In a statement, Grindr said it was trying to determine how The Pillar had acquired its user data. But it said those efforts were complicated by the writers’ “vague and incomplete descriptions of their work.”
“What is clear is that this work involved much more than just a small blog,” Grindr said in its statement.
The complexity and size of the data set makes it likely that The Pillar’s source had money and analytical skills, said Ashkan Soltani, a former technology adviser to the White House and the Federal Trade Commission.
Cellphone app data is often purchased from data brokers by corporations and political groups who analyze it to determine patterns of behavior. They can also use location filters to find users of a certain app in a certain location, like Grindr users within the compact borders of Vatican City.
Some firms specialize in de-anonymizing cellphone data, and a user’s identity can sometimes be determined by following their movements, said Mr. Soltani. That may be how The Pillar identified Monsignor Burrill, who the blog said it tracked to his home and office as well as to gay bars and a bathhouse.
“This is a cottage industry, and all of this stuff is really available out there,” said Mr. Soltani. “There is a risk for anyone who uses these apps. This could potentially happen to anyone.”
The reports have set the Catholic Church on edge.
Matteo Bruni, a Vatican spokesman, said that Vatican officials, including the powerful secretary of state, Cardinal Pietro Parolin, met with “representatives from The Pillar” on June 17.
But he said the Vatican had decided not to respond to the report and did not say whether it planned to investigate the claims. It is unclear how church officials might punish the use of a cellphone app, if The Pillar’s reports were to be confirmed.
In Newark, church officials instructed priests not to speak to journalists. Several who spoke, on condition of anonymity, expressed dismay at the use of cellphone data to track priests. Even lay leaders were reluctant to discuss the controversy on the record, although not many parishioners appear to be aware of it.
The Pillar has not said whether it plans to publish more reports using cellphone data, but priests in other dioceses have waited anxiously to see whether it would publish anything about their communities.
Father Bob Bonnot, the executive director of the Association of U.S. Catholic Priests, said the use of cellphone data to track the movement of Monsignor Burrill had deepened a sense of vulnerability many priests feel.
“It can be terribly threatening,” he said. “It can make all priests uncomfortable and worried.”
Mr. Flynn and Mr. Condon are canon lawyers well known for their work at the Catholic News Agency, which is owned by the right-leaning Eternal Word Television Network, and their ties to conservatives in the church.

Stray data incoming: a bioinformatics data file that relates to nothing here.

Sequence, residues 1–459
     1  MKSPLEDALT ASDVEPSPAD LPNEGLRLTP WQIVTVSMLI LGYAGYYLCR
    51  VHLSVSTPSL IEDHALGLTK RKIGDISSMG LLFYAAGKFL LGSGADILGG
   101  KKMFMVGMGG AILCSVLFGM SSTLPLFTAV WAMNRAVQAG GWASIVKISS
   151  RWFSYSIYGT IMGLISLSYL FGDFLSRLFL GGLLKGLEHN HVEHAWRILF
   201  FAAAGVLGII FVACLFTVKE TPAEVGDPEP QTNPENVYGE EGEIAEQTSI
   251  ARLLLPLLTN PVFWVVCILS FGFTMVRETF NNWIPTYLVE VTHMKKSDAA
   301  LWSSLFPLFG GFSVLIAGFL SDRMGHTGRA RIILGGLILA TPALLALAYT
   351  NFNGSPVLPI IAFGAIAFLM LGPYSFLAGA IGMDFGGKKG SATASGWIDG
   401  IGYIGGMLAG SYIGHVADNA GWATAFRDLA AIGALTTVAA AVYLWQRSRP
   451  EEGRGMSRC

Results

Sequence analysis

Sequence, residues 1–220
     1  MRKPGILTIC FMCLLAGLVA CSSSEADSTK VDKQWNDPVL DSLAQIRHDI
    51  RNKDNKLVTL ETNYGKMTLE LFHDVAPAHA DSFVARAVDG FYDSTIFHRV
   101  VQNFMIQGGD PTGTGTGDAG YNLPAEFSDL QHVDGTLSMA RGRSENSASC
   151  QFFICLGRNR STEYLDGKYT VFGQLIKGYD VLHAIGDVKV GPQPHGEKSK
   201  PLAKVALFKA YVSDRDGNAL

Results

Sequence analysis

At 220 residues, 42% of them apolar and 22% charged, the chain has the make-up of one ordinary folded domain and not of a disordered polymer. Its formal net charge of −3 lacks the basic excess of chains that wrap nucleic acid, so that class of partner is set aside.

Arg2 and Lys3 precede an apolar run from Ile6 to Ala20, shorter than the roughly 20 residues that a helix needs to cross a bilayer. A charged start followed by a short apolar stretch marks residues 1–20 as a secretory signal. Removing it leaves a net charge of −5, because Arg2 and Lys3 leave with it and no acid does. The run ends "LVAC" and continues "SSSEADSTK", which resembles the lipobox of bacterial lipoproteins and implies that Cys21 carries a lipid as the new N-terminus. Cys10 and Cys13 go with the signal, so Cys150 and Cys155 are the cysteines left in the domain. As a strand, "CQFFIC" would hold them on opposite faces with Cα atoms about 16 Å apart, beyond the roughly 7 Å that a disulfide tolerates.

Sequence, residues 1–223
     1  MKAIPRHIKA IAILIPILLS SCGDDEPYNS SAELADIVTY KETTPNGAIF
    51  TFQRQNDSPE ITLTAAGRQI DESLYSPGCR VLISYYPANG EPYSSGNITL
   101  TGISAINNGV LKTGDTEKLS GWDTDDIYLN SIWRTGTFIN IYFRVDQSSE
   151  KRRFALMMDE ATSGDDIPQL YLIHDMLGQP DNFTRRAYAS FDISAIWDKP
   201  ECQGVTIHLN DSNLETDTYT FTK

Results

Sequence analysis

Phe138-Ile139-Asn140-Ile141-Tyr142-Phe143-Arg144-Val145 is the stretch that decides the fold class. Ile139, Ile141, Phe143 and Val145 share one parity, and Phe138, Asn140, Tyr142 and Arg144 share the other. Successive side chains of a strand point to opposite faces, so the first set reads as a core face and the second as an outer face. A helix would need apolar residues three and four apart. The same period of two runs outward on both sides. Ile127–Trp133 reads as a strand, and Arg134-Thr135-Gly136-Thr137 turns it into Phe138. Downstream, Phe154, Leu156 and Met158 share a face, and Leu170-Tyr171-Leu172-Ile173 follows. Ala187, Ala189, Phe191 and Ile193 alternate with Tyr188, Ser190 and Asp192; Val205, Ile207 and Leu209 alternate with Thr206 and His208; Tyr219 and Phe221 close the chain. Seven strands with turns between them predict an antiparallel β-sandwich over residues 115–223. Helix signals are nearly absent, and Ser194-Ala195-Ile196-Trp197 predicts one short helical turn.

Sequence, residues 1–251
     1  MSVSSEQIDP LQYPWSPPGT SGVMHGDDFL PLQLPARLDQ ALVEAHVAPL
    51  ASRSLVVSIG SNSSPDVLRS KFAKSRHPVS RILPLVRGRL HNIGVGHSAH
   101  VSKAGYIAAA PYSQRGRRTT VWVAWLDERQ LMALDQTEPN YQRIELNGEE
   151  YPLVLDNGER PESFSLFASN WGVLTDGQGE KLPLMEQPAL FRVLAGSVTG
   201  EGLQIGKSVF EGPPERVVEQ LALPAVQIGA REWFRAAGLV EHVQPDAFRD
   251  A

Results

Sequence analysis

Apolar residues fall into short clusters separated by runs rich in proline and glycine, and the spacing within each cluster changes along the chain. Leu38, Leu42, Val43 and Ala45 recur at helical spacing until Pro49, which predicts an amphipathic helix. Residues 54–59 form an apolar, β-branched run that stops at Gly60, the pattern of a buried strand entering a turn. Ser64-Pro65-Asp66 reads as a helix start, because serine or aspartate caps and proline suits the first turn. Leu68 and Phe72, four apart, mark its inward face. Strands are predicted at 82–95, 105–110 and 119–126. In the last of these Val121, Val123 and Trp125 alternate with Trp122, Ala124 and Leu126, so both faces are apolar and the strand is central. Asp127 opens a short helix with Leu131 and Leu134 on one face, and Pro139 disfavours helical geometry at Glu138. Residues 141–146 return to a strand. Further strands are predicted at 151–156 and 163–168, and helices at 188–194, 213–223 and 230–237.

The Pillar provided information about its findings to the Archdiocese of Newark after church officials spent several weeks asking for details, said Maria Margiotta, an archdiocese spokeswoman. She said church officials were reviewing the findings.
“It is not acceptable for any member of the clergy to use any app, social media or website in a way that is inconsistent with Church teachings and their own religious vows,” she said. “We are committed to protecting the faithful, and when we learn of immoral behavior or misconduct, we immediately respond appropriately to address concerns.”
At last month’s Pride parade in Rome, members of the city’s LGBTQ community waved rainbow flags, strewed glitter and generally exuded love to fellow marchers and those along the route. When they occasionally showed flashes of ire, their mockery and ridicule were aimed at some of Rome’s most familiar figures: Pope Francis and the Vatican hierarchy.
Some shouted at the churches they passed; others held sparkly signs with double-entendres aimed at the pontiff. Still others strutted their stuff dressed as Francis himself.
What angered Italian LGBTQ citizens was what they considered undue interference by the Vatican in its attempt to stall a controversial bill being debated in the Italian Senate that would criminalize homophobia. Named for its author, politician and activist Alessandro Zan, the bill would also institute a day aimed at raising awareness of sexuality and gender issues in schools.
Italian bishops have twice voiced their concerns about the Zan bill, claiming it would violate the religious freedom of Catholic schools, hospitals and other institutions. When that admonition fell on deaf ears, the Italian bishops’ conference sent a diplomatic note to the Italian government on June 22. The Zan bill, the bishops argued, violated the accords signed in 1929 between Italy and Vatican City, known as the Lateran Treaty, that set expectations for mutual noninterference.
In the middle of this heated debate, Francis sent a letter to the American Jesuit priest James Martin, about Martin’s efforts to promote inclusivity and to welcome LGBTQ individuals in the church.
“Our Heavenly Father comes close with love to each one of his children, each and everyone,” Francis wrote in the letter, praising Martin’s work.
Ever since Francis answered a question about a gay priest in 2013 with his own now famous question, “Who am I to judge?,” many Catholics have hailed the pontiff as a beacon of hope for LGBTQ inclusivity.
But while Francis has often shown in his words and personal acts of charity that he is close to LGBTQ individuals, the Vatican as an institution has done little to recast its hard doctrinal line, which views homosexuality as sinful and as “intrinsically disordered.”